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topic 1823

Corrosion spots on stainless steel 316 L


Dear sir,

As a manufacturer of stainless steel outdoor lighting we have come about some problems with our fixtures

please could you give us a reply

Best regards

Decoene E [last name deleted for privacy by Editor]
- Belgium

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I am not sure if 316 stainless is the correct material for exposure to hot humid air. I know that nickel-chrome plated steel, and nickel-brass plated steel pits and corrodes in my house on the Atlantic Ocean in New Jersey. Passivation may help. Are you embedding iron in your brushing procedure?

tom pullizzi animated   tomPullizziSignature
Tom Pullizzi
Falls Township, Pennsylvania


Dear Sir:

You might try electropolishing as a means of passivation for your 316L stainless steel. We can offer the chemicals, equipment, and process know-how for an installation. You can find us by looking in the suppliers directory on this web site. We also have our own site which will give you a general view of the process.

You might also contact Mark Quaghebeur at Packo in Diksmuide, Belgium. Mark could either perform the process for you or give you a reference on our company.

Let us know how we can assist you.

With regards,

Ed Bayha
Metal Coating Process Corporation - Charlotte, North Carolina


If the surface is not showing signs of pitting and there is not a uniform corrosion I would be highly suspect of the brushing operation transferring free iron onto the surface. If it truly is an issue with the 316 then you might consider 317 or 321. They both have enhanced corrosion resistance. In a critical service area such as a hot salt spray environment you might want to consider Hastelloy C-276 or better yet Hastelloy C-22. The later items being nickel alloys verses a ferrous product. Electropolishing might offer some element of protection but due to the dynamics of the passive layer and the potential for airborne abrasion to cause voids in the passive film from time to time, you might wind up with the same problem. The nickel alloys offer a far superior product life in the most adverse environments but are costly.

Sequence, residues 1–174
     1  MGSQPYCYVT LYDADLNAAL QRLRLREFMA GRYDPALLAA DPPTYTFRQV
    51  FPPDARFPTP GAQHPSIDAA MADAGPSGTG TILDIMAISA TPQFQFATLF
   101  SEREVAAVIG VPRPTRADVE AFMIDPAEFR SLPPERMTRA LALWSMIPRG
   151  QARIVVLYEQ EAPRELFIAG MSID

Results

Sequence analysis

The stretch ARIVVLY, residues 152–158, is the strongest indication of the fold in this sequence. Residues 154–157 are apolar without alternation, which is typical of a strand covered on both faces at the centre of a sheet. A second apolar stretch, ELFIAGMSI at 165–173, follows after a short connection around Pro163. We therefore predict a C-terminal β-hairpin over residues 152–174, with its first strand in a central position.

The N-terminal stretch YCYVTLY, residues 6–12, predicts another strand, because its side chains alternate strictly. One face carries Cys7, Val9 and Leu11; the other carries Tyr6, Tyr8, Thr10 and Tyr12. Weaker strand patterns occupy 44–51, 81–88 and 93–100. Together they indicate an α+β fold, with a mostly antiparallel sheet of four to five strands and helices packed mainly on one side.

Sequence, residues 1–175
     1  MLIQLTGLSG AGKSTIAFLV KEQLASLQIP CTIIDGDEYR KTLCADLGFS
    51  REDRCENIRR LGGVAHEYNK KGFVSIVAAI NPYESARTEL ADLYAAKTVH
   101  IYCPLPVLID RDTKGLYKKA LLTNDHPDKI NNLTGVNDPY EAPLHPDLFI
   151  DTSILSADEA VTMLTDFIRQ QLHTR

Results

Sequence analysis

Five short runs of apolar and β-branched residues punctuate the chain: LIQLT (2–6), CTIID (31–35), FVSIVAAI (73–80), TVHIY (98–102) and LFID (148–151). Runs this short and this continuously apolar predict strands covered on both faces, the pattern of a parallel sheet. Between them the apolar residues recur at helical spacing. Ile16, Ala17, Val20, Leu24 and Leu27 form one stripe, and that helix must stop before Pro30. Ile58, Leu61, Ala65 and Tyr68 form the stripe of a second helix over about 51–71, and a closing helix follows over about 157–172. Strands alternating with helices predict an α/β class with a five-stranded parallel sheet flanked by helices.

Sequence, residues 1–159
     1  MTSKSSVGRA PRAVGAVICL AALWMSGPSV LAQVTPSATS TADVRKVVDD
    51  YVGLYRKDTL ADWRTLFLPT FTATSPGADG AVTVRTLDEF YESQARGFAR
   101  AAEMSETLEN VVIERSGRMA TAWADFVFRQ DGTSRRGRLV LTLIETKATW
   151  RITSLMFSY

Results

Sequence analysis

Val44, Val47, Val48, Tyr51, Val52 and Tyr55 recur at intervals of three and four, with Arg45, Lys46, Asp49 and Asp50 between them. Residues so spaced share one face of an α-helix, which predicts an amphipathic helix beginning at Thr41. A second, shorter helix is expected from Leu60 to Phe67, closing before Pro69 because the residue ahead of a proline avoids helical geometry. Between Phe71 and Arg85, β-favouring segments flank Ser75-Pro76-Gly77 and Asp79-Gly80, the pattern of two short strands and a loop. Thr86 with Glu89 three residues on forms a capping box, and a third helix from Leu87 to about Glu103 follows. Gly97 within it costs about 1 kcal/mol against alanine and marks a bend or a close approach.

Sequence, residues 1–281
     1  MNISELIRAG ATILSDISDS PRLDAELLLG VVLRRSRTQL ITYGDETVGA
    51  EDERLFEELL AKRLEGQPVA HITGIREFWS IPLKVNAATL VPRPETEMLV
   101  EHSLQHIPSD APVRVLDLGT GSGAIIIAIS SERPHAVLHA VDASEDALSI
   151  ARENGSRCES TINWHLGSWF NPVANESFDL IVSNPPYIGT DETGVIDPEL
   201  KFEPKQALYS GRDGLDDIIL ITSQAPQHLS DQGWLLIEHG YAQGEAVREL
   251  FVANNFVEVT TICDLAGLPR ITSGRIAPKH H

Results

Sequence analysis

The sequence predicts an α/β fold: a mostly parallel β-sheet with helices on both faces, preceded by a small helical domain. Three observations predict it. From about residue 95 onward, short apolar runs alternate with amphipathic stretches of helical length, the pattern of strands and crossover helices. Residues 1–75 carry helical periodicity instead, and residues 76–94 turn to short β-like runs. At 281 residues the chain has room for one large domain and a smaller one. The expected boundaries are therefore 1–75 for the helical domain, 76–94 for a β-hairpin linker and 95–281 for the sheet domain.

Richard Pontius
- Gilroy, California


I have read the above with interest.

We use 316 for a lot of fabrications in marine environments, always pickle the welds and polish afterwards. We have no problem with surface corrosion but crevice corrosion can pose a small problem.

We have recently started using Investment Castings which are showing a lot of surface corrosion in prototype form. Pickling and passivating after abrasive blasting improves the corrosion resistance (we are careful not to impregnate the surface with free iron.

We are now considering electropolishing, has anybody any experience of how much improvement we are likely to get. Are there any disadvantages with the process?

Keith Chitty
- United Kingdom